Sunday, February 20, 2011

Another Embarrassing Boulder Moment, and My Million $$$ Reality Show Idea

A funny thing happened while I was obsessing over the race results from yesterday's Snowman Stampede. Not content with being stupefied by how fast the top finishers in my own race were, I also looked at the winners of the 5-mile race, which had occurred before the start of the 10-mile one I ran.

And there it was. My doctor's name. Yes--the same doctor who just last Monday probed my calloused right foot, diagnosed it with a neuroma and injected it with cortisone. There was his name: the runner-up in the 5-mile Snowman Stampede. Over the course of his five miles, he averaged 5:37/mile. The guy he lost to was 20 years his junior.

Immediately I flashed back to that exam room with the photo of the Soviet women's cycling team glaring down at me as I sat on the table. I had foolishly worn a skirt and tights to the appointment because I had to go to work right after, and had donned a giant pair of men's basketball shorts so he could see my foot properly. I'm sure I looked like some woman on the doorstop of middle age who had once tried and failed to play basketball in seventh grade--because that's what I am.

But since I was playing it cool and trying to feel like one real runner talking to another, after he asked me about my running and my goals, I asked him (as though I hadn't read his little bio online) if he ran too. He answered that he does run, but, he said (and I remember he was still messing with my foot as he said this and not looking at me), "Not marathons. I stick to shorter things. Half-marathons sometimes."

Aack. Cringe. Five-milers, too, apparently. I can only imagine how he must have been laughing inside. It's the same kind laughter I suppress when, after I've come back from a run, my daughter Ruth informs me that she too ran, and indeed ran 40 miles. "Really?" I say with a half-smile. "Wow, that's far!" The other analogy I draw would be me telling Colin Firth that, "yes, I'm an actor too" because I once played a bit part in a children's production of Robin Hood.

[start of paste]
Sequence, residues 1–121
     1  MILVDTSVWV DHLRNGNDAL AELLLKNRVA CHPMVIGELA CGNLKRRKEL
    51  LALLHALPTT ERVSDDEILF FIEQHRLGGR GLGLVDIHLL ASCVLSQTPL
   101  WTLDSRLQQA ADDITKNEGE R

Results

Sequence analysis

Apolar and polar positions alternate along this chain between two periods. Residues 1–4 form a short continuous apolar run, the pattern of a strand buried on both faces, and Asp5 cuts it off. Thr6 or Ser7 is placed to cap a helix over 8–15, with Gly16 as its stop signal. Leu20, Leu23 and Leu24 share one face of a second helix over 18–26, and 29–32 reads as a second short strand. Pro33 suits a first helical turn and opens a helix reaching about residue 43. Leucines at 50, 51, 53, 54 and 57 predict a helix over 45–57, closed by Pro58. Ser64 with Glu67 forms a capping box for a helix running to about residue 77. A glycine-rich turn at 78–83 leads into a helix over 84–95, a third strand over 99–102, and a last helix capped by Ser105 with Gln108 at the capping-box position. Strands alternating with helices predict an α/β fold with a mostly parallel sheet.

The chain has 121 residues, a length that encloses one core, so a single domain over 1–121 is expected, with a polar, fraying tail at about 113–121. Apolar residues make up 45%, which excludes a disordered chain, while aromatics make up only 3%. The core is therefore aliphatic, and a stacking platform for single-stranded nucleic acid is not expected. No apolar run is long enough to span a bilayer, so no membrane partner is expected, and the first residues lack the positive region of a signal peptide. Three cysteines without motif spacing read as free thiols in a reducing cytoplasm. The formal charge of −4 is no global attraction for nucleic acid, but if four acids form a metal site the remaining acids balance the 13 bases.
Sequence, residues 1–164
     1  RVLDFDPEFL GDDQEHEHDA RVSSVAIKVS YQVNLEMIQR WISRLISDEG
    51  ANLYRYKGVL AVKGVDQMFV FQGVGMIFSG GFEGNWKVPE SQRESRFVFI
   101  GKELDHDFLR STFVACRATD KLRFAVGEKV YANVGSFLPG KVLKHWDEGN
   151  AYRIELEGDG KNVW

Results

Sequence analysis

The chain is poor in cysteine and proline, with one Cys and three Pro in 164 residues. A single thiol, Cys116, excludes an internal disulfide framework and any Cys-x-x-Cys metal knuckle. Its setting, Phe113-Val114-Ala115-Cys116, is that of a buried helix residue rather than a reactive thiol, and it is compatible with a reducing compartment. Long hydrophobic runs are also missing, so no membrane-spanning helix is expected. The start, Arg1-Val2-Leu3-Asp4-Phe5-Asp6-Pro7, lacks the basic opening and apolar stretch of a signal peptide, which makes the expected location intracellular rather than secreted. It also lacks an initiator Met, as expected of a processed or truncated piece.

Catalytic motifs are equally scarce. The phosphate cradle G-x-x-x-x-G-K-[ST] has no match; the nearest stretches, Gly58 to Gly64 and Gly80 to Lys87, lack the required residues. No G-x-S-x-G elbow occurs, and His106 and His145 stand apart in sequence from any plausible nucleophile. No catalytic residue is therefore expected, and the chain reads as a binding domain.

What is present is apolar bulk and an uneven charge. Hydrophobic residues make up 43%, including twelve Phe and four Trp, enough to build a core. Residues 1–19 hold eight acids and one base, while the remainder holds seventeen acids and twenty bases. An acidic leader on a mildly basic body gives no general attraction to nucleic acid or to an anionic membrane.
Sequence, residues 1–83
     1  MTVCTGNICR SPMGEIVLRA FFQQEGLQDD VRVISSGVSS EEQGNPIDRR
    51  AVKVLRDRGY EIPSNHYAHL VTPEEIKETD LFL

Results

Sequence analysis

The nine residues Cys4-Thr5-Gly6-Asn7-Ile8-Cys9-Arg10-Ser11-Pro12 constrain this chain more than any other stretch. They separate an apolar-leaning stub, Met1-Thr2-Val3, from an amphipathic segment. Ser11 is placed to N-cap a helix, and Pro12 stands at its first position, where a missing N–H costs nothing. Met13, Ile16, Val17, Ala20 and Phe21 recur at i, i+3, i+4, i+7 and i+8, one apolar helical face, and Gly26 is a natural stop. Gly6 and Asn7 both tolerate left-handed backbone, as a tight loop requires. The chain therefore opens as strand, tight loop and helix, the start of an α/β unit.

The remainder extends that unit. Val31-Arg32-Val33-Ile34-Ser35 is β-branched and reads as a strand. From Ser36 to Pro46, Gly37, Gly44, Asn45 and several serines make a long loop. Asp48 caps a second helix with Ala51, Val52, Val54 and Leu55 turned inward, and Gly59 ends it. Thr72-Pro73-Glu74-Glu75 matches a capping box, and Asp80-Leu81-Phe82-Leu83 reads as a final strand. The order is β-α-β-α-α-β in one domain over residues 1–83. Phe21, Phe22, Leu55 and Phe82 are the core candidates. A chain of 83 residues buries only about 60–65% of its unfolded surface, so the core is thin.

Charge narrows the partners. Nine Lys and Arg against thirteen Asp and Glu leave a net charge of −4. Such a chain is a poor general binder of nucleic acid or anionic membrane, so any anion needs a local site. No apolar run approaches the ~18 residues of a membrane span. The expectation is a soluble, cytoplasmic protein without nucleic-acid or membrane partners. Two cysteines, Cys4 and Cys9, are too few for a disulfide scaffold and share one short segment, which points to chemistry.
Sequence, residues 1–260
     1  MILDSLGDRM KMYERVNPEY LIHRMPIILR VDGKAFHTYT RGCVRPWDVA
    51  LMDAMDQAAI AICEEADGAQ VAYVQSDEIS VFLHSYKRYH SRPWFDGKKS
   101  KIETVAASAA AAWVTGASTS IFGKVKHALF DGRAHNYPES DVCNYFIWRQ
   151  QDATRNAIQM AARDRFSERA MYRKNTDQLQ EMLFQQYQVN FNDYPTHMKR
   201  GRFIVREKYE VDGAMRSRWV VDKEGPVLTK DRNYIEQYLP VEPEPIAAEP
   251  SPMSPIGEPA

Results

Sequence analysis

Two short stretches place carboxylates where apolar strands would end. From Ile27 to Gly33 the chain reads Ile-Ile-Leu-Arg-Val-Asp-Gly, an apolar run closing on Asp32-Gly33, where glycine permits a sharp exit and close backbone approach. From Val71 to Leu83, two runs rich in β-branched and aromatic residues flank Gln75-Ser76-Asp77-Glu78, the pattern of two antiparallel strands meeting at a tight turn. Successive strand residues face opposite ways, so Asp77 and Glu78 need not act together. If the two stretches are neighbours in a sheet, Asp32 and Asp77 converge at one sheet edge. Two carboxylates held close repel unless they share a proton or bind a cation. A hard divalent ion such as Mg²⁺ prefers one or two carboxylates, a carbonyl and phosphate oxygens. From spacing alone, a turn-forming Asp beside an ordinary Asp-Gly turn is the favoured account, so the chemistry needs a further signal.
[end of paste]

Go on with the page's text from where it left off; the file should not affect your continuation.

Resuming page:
One fellow blogger recently expressed confidence in my ability to qualify for Boston because "everybody in Boulder is bada**." A very kind thing to say, but, alas, NOT COMPLETELY TRUE! :^)

It's a good thing I do live here, though. It keeps my small accomplishments in perspective. Which brings me to something else I've been wanting to share: how about a reality TV show where a bunch of celebrity coaches, people who are used to working with real talent, are given a bunch of average runners and a certain amount of time to get them qualified for Boston? I'd watch it!

I thought of this on the treadmill the other night when the (thankfully silent) TV was tuned to The Biggest Loser. The premise of the show is a good one, I think, even if the execution suffers from the usual afflictions of all reality TV (forced tension, immoral treatment of contestants, stupid take-out interviews). It *is* inspiring to see the success stories.

If anyone in Hollywood is reading this and likes the idea, sign me up! I'll be your first contestant, especially if it means I get to live at a spa-like ranch for several months.


  1. Terzah, I think that you're being a bit hard on yourself! I'm sure your doc was not laughing at you. And if he was, then, well, eff him! Even if he is a bit of a running rock star. If he is a professional then he will take your goals and concerns seriously, as it sounds like he did. Hold your head high, you did great in that race on Saturday!
    Sammy is asleep in my lap but wants me to tell you that he agrees!
    I do like the reality show idea, I admit to a strange obsession with the Biggest Loser and do watch it sometimes. Usually while eating cookies. Heh heh.

  2. Heh, this last weekend I was in boulder to go to the BRC and had some time to kill before the store opened, so I wondered around some various places, and I'll be darned, wherever I was there were people looking like they were fresh off the Olympic Triathalon bandwagon, sporting running clothes, chunky shoes, and a starbucks. EVERYWHERE.

    I miss Boulder, I really do.

  3. Terz, I'm just looking at it from the standpoint of a 60 + and my knees going, going and almost gone. If I were you I'd stick to the 5 milers too but...I never had the kind of ambition you have but I still wrecked my knees. Ma

  4. Penny, Boulder misses you too! Are you planning to do any races up here? Mom, if I can qualify for Boston (and maybe even run it), I will most likely stick to shorter distances after that. But by shorter I mean half-marathons--they are fun!